The U.S. Department of Education recently awarded The University of Texas at Austin Division of Diversity and Community Engagement a $1.1 million five-year contract to continue participation in the Ronald E. McNair Postbaccalaureate Achievement Program. Additionally, the university’s Office of Student Financial Services (OSFS) has established a new scholarship fund for the McNair Scholars, which provides the scholars $1,000 for each long semester as long as they remain enrolled at the university and in the program.
The McNair Scholars Program prepares first-generation and low-income students as well as students from underrepresented populations and is one of two federally funded TRIO programs on campus.
Dr. Ge Chen, assistant vice president for academic diversity initiatives and the executive director of the TRIO programs at the university, said, “The McNair Scholars Program at The University of Texas at Austin keeps getting better and better. With the new contract, we have an even stronger focus on recruiting students in the STEM fields and our mentoring program has some exciting new additions, including a partnership with the award-winning Intellectual Entrepreneurship Consortium.” At least half of the students admitted to the McNair program will be students majoring in STEM areas.
Chen explained that first-generation college students do not have the role models that students whose parents have graduated from college have. She said, “In the current competitive arena of graduate school admissions, skills built through mentored research are essential to the continued enrollment and success in acquiring an advanced degree. The graduate and faculty mentors through the Intellectual Entrepreneurship program will help our students develop the sense of belonging in the academic environment while exposing them to cutting-edge, innovative research.”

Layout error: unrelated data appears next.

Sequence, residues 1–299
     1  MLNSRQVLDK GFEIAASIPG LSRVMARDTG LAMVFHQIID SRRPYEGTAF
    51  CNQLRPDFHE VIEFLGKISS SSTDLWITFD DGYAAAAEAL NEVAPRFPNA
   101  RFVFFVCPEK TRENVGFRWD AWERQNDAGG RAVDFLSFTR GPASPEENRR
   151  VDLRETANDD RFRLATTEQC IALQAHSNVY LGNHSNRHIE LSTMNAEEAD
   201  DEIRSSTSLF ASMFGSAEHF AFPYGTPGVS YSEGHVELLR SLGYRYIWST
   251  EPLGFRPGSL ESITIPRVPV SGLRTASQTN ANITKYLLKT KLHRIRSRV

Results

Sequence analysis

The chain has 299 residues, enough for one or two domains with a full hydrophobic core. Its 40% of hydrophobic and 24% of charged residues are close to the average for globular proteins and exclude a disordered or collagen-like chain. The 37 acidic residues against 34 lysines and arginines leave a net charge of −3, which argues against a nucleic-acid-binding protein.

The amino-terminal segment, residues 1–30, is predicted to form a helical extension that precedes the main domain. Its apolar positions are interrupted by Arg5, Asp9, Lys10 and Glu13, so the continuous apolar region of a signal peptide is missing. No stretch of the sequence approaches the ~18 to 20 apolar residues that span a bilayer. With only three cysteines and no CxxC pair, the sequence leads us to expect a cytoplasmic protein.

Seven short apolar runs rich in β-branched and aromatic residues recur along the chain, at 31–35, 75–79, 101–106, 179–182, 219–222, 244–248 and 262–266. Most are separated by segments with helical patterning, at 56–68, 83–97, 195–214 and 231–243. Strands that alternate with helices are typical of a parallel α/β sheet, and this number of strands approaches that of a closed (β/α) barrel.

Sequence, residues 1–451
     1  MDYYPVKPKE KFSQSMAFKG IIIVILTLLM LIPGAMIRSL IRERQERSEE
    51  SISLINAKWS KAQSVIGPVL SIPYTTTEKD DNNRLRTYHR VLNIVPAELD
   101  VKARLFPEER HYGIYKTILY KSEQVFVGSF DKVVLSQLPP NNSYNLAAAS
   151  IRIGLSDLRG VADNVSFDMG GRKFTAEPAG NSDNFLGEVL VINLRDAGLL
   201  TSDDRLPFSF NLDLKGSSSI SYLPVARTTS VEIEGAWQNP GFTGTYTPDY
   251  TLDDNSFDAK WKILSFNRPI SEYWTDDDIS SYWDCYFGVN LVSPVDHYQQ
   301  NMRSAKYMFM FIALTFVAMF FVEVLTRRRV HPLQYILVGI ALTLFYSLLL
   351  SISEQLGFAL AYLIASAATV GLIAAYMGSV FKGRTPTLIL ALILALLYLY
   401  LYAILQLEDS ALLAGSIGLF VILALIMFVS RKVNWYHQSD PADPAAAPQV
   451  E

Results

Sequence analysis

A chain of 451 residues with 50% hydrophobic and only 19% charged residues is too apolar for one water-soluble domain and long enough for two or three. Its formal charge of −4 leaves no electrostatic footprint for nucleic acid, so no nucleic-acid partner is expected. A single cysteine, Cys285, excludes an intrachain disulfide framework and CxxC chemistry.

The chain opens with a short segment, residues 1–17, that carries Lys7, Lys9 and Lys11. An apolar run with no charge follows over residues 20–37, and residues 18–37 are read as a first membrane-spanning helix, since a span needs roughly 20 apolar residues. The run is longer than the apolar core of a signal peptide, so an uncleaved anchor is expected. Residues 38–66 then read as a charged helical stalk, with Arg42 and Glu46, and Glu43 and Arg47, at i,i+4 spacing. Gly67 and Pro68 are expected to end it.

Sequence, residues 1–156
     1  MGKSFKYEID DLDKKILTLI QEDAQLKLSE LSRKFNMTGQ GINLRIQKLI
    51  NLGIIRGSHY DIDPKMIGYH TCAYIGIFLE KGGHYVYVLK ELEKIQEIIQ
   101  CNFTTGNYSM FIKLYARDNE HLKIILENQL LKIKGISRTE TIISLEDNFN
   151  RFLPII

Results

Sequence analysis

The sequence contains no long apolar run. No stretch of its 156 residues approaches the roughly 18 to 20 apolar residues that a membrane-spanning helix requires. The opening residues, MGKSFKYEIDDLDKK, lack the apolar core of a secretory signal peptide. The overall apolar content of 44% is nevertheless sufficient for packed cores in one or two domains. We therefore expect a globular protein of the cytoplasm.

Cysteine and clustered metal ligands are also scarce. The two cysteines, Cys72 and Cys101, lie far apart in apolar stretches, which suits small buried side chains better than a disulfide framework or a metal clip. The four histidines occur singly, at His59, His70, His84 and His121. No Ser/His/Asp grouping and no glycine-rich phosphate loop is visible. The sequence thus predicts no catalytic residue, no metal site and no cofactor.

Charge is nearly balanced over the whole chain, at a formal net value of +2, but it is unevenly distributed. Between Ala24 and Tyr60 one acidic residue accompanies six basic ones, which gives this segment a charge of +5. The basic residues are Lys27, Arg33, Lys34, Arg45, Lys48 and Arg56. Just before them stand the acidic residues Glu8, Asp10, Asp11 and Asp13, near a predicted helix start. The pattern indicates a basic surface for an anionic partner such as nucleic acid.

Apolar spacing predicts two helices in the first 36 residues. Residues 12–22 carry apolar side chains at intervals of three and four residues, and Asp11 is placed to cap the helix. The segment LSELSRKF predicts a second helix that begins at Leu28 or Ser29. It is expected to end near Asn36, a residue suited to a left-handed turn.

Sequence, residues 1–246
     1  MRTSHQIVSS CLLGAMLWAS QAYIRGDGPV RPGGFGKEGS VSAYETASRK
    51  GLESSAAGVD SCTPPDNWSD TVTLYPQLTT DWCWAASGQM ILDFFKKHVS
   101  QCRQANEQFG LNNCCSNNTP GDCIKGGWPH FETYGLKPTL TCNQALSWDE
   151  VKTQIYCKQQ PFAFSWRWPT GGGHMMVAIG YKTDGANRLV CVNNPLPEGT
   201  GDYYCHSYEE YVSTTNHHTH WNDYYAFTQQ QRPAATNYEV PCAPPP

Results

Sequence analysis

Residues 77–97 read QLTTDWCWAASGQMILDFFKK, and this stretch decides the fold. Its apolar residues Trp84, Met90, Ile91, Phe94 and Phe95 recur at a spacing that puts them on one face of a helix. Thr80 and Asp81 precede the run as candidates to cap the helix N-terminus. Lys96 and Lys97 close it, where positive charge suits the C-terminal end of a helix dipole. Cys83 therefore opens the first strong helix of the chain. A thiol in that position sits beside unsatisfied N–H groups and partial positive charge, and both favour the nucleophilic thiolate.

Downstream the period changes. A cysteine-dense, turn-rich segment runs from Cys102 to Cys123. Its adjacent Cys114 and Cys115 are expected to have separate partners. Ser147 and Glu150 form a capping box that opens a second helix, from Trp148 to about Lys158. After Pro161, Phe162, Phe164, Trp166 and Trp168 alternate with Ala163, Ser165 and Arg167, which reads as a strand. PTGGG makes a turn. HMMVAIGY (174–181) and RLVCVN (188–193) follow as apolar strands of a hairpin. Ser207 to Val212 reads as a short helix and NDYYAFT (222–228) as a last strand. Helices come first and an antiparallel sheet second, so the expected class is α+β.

Dr. Gregory Vincent, vice president for diversity and community engagement, believes the strength of the UT Austin programs comes from its outstanding staff which includes faculty director, Dr. Louis Harrison. “Dr. Harrison has a world-renown reputation for his work in mentoring. Dr. James Brown, STEM specialist and instruction coordinator will serve as advisor to the STEM students. Dr. Brown came to the university after a career in the technology field, working with some of the biggest names in the industry—Motorola, Honeywell and 3M. Dr. Darren Kelly who coordinated one of the model mentoring programs in the nation at University of Virginia, has joined McNair as the research and academic coordinator.”
Vincent also noted that the McNair students, who are a majority first-generation, low-income students, will benefit from the new scholarships. “We are also thrilled that Dr. Tom Melecki, director of OSFS, recognizes the talents, needs and potential of the scholars and is lessening their financial burden.”
Also new to the McNair program this year is a teaching academy that will help the McNair Scholars develop teaching skills and gain experience. Students will shadow distinguished faculty members and participate in seminars on teaching pedagogy, lesson planning, and syllabus development.